| Terrorism

Kyrgyz schoolchildren learn to reject terrorism

By Ulan Nazarov


Pupils at Kurbanov Secondary School in Uch-Kurgan, Kadamjay District, Batken Province, are shown during a training session on tolerance in May. [Ulan Nazarov]

BISHKEK -- Kyrgyz schools are teaching their pupils to reject terrorism and embrace ethnic diversity.

The efforts come as authorities concede that more than 500 radicalised Kyrgyz have joined the militancy in Syria.

With the support of UN Women, two Kyrgyz NGOs -- Agents of Change and Sputnik/Spark -- implemented a pilot project to teach harmony and love of peace in Kyzyl-Kiya, Batken Province, and Talas city, Talas Province, as well as in surrounding villages.

The pilot project started last October and concluded in June. It involved 3,200 schoolchildren from 60 secondary schools, as well as more than 10,000 college students and secondary-school teachers.

The project was open to children in grades 8 through 11, regardless of their schools' language of instruction. Children of several minority groups in Kyrgyzstan are able to attend schools taught in their native tongue.

Kyrgyz educators hope to expand the project to other schools in the coming school year.

Authorities have concerns about radicalisation in northern Kyrgyzstan, even though the majority of Kyrgyz militants come from the south.

The first known Kyrgyz citizen to join militants in Syria, a resident of Kyzyl-Kiya, did so in 2013, according to the State National Security Committee (GKNB).

Since then, of the more than 500 Kyrgyz who have gone to Syria, about 50 were residents of Kyzyl-Kiya, according to the GKNB.

Teaching tolerance and peace

The pilot project dubbed "My Safe and Peaceful School" is meant to eliminate any desire to join the militancy.

"[The project] taught our children how to behave safely, so that they can meet challenges ahead of them, like extremism, and to get along with different ethnic groups and individuals," Kakhramon Shakirov, a counsellor at Kurbanov Secondary School in Uch-Kurgan, Batken Province, told Caravanserai. "They learned to find common ground with peers from different ethnic backgrounds and how to behave in a crisis."

Participating children learned how to analyse various conflict situations and to take effective steps in eliminating their causes, Dildora Khamidova, a spokeswoman for UN Women in Osh Province, told Caravanserai.

Aichurek Kurmbanbekova, a resident of Kyzyl-Kiya and spokeswoman for Sputnik/Spark, said the children, in groups of 15, attended 30 hours of classes on the topic of peace and conflict resolution.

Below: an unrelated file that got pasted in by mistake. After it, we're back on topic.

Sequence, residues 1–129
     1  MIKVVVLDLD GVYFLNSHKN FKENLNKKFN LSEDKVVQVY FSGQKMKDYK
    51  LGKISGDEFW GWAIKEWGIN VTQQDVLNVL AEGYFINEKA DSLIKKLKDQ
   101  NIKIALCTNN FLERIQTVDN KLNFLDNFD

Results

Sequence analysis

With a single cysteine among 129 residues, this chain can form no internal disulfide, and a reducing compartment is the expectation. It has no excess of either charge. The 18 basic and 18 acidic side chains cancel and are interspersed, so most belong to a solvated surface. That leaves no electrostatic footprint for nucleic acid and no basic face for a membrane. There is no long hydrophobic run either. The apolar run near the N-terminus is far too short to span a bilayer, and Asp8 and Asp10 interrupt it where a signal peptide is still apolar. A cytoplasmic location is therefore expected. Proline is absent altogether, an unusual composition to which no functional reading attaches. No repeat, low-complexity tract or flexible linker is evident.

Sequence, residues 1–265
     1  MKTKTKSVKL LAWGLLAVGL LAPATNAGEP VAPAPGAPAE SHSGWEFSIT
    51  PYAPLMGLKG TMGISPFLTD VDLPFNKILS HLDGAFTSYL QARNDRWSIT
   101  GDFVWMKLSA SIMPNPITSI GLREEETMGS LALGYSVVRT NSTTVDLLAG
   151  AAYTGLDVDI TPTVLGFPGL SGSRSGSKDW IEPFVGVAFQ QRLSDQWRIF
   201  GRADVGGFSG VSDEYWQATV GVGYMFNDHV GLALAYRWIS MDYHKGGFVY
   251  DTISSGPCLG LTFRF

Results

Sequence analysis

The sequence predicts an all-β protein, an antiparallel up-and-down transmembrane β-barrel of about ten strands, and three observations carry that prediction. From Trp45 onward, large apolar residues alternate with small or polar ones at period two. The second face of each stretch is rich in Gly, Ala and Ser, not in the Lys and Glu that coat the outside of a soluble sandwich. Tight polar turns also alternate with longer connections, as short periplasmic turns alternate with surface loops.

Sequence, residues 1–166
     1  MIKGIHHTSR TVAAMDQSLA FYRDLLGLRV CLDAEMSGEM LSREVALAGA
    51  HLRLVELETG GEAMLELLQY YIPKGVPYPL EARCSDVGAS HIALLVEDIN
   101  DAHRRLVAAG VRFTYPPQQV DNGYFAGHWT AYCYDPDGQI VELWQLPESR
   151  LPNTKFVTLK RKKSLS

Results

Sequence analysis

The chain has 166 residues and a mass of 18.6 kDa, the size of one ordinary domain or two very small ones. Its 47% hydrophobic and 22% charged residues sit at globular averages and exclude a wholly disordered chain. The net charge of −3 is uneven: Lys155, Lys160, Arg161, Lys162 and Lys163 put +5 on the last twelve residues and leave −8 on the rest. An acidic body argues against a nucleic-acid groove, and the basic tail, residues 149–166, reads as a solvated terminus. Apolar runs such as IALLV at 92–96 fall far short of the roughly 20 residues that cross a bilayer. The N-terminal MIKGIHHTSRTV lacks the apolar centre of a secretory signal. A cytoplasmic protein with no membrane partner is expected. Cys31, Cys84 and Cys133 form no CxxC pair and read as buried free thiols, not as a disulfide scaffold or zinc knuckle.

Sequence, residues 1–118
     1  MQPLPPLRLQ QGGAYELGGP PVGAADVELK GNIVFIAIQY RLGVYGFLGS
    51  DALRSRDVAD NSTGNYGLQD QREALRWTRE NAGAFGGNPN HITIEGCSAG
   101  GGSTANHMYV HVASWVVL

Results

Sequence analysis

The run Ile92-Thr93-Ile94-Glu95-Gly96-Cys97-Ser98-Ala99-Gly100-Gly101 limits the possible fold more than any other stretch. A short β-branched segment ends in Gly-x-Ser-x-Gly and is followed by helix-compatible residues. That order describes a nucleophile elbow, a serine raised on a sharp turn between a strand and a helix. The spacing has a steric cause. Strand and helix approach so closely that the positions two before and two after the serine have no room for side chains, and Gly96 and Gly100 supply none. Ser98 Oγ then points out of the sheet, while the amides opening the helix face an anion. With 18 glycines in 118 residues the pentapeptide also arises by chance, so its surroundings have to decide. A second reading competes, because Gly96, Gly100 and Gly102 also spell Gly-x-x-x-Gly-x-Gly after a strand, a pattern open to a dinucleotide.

"By the end of the course, they analysed all the conflict situations and attempted to find solutions," she told Caravanserai. "They shared what they learned with classmates who didn't participate in the project."

"We intentionally took ethnically diverse schoolchildren in different communities so that they could ... overcome their mutual stereotypes," Gulnora Satybaldiyeva, principal of Kurbanov Secondary School in Uch-Kurgan, told Caravanserai.

Finding common ground

One distinctive trait of the project is that, besides the 3,200 pupils, 500 adults from local governments, elder courts, law enforcement and the clergy attended classes on human rights, including freedom of religion.

By the end of the project, the adults had developed 48 action plans on resolving conflicts in local communities.

"As a father of two schoolchildren, I'll feel safer if my children have that training," Makhmujan-aka of Uch-Kurgan told Caravanserai. "Today, our children are more at risk than our generation was."

"We live in a multi-ethnic country," he said. "This kind of training can only help them find common ground ... Extremists are actively recruiting youth. Why? Because they lack knowledge ... and because they're not interested in solving their own problems."

"We are an oriental people," Makhmujan-aka said. "We don't listen to young people ... Maybe now is the time to listen to them?"

Resonating with girls

The project seemed to have the most impact on girls, said Shakirov, the counsellor at Kurbanov Secondary School.

"The girls who were trained in the programme went on to host meetings and discussions in mahallas [neighbourhood associations] with women and other girls who hadn't participated," Shakirov said. "They discussed issues that matter to the local community, such as how to attain inter-ethnic harmony, fighting extremism and protecting women's rights."

"Female participants of the project feel as if a new door opened in their lives," he said. "Many of them ... want to continue their education so they can help their community."

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